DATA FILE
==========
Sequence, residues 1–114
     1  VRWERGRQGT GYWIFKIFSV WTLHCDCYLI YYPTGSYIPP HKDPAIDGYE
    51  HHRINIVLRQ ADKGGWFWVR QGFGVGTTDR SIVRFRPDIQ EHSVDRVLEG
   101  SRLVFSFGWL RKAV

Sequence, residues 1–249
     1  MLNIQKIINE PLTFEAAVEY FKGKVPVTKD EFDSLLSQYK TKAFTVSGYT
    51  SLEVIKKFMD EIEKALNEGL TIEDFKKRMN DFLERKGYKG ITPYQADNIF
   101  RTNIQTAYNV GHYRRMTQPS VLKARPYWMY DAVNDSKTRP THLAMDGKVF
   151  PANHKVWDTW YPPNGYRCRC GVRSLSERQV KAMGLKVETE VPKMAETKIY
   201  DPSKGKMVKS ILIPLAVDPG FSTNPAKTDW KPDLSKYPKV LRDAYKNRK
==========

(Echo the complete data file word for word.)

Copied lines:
Sequence, residues 1–114
     1  VRWERGRQGT GYWIFKIFSV WTLHCDCYLI YYPTGSYIPP HKDPAIDGYE
    51  HHRINIVLRQ ADKGGWFWVR QGFGVGTTDR SIVRFRPDIQ EHSVDRVLEG
   101  SRLVFSFGWL RKAV

Sequence, residues 1–249
     1  MLNIQKIINE PLTFEAAVEY FKGKVPVTKD EFDSLLSQYK TKAFTVSGYT
    51  SLEVIKKFMD EIEKALNEGL TIEDFKKRMN DFLERKGYKG ITPYQADNIF
   101  RTNIQTAYNV GHYRRMTQPS VLKARPYWMY DAVNDSKTRP THLAMDGKVF
   151  PANHKVWDTW YPPNGYRCRC GVRSLSERQV KAMGLKVETE VPKMAETKIY
   201  DPSKGKMVKS ILIPLAVDPG FSTNPAKTDW KPDLSKYPKV LRDAYKNRK